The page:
Energy storage is the capture of energy produced at one time for use at a later time. A device that stores energy is sometimes called an accumulator or battery #NowYouKnow

Introduced by Rep. Mike Doyle (D-PA), the “Energy Storage Tax Incentive and Deployment Act” is the latest update to a bill first introduced in 2016 by Sen. Martin Heinrich (D-NM).

The proposed bill would establish a federal investment tax credit for business, residential, and utility-scale use of batteries and other energy storage technologies.

Most importantly, the legislation seeks to establish a 30 percent tax credit for both commercial and residential energy storage through 2021.

“This proposal would enable the deployment of solar and energy storage to benefit parts of the country with less consistent sunshine primarily by not requiring the batteries to only charge from solar production” commented Enrico Ladendorf, the founder of Houston-based energy storage software intelligence firm Pason Power.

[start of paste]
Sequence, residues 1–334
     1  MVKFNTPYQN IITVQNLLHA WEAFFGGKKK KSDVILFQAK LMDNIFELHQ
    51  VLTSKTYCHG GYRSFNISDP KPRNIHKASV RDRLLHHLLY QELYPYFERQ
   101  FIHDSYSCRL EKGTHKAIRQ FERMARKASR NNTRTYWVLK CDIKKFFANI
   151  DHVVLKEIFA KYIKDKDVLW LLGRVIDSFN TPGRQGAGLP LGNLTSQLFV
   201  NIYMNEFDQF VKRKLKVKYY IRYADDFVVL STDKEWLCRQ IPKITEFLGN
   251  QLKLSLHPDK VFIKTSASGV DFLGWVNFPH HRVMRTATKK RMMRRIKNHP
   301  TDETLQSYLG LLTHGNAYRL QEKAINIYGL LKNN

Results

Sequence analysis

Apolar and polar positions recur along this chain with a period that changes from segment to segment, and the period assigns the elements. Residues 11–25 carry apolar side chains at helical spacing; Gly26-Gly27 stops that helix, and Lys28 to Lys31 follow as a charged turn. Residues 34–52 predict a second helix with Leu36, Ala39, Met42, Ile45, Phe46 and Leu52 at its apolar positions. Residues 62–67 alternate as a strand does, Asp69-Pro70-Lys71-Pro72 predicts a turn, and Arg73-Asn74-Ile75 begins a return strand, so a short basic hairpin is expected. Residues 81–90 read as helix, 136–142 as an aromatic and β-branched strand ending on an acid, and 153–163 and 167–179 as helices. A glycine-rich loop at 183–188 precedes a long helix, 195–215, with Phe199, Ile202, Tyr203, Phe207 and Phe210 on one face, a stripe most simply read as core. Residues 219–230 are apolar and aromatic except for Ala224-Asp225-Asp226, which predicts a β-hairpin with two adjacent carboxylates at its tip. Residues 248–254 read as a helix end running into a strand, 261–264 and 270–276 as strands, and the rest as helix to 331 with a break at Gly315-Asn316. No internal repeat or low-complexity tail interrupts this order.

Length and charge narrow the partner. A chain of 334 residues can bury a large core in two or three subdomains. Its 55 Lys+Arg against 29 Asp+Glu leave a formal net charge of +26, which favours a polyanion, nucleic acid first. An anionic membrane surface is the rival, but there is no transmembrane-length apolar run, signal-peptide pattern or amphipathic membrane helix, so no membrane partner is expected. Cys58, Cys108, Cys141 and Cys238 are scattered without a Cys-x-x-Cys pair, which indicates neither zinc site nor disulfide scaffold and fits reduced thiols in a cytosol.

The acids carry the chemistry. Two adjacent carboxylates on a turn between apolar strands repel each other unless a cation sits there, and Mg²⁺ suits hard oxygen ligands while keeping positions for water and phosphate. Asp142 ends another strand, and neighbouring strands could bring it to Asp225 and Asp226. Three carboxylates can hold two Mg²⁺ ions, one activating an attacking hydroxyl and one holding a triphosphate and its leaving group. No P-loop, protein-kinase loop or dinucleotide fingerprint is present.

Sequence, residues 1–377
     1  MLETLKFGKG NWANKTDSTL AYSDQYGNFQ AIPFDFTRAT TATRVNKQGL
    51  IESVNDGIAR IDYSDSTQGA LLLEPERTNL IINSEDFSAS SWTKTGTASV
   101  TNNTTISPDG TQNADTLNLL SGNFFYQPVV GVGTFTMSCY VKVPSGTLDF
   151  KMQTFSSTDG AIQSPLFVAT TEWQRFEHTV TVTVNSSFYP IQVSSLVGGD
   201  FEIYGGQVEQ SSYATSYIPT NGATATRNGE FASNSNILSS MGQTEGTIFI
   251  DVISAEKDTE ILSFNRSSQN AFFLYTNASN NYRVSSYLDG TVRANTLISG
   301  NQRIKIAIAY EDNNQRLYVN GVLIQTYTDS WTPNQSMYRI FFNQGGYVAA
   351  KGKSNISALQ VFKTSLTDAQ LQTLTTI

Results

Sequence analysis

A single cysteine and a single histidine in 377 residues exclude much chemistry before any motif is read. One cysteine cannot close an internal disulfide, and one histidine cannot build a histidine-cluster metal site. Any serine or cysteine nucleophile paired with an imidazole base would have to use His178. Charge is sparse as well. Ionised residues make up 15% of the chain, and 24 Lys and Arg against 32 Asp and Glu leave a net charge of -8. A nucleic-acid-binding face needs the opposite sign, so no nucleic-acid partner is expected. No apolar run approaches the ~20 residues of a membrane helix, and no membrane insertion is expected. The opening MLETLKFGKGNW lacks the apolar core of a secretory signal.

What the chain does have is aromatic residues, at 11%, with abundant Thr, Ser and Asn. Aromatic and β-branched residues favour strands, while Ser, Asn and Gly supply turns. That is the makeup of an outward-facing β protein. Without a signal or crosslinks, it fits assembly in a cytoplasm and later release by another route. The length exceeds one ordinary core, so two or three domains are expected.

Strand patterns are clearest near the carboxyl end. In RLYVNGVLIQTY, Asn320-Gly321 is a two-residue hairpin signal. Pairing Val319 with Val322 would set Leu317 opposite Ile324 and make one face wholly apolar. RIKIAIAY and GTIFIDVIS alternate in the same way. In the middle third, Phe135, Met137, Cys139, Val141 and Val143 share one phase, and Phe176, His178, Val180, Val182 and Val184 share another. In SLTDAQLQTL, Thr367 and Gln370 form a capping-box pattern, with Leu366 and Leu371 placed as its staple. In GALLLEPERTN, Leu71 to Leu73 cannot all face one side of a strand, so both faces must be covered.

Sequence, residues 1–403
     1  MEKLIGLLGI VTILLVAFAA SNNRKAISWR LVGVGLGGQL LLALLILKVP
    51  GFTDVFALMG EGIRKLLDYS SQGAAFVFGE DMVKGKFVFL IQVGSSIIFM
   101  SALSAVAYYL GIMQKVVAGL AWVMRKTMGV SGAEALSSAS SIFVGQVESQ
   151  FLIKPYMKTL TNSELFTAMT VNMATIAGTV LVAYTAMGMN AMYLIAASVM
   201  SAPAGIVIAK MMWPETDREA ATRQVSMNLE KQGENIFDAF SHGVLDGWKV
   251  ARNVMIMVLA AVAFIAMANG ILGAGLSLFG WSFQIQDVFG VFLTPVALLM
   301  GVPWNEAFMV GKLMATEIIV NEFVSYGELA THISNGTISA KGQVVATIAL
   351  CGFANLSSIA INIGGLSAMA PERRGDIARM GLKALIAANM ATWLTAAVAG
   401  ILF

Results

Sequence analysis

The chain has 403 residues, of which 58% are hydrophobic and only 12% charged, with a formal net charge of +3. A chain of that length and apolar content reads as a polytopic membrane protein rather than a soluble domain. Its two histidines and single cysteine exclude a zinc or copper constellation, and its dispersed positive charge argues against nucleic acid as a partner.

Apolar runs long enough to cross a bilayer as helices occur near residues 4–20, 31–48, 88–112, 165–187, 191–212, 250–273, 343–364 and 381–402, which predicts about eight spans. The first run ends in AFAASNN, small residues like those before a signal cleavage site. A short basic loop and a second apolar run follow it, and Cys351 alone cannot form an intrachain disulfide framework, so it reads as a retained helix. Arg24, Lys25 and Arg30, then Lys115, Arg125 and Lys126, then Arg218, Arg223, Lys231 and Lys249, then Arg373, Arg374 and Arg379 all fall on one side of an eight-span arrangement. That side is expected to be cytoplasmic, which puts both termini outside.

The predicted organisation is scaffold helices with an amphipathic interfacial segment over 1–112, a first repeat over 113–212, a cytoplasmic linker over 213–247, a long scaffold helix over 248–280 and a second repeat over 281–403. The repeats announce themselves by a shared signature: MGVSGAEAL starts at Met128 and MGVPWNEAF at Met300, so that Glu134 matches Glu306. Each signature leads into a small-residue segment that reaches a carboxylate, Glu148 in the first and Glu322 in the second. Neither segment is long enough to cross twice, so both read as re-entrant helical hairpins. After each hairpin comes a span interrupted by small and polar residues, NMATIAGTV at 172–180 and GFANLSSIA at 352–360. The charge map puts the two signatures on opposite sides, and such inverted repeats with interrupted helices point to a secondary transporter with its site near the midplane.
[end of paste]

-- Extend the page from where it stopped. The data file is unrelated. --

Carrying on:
The incentive would then be phased down annually before leveling off to a standard, permanent 10 percent tax credit after 2021 for commercial projects and would zero out for residential projects.

“With the current state of the prices of batteries, an ITC credit applied to standalone batteries has the potential to make the business case for standalone storage even stronger. This would enable opportunities to deploy batteries beyond the few markets where energy storage is currently economic. As such, we appreciate the initiative this legislation supports,” adds Ladendorf.

Derick Lila
Derick is a Clark University graduate—and Fulbright alumni with a Master's Degree in Environmental Science, and Policy. He has over a decade of solar industry research, marketing, and content strategy experience.

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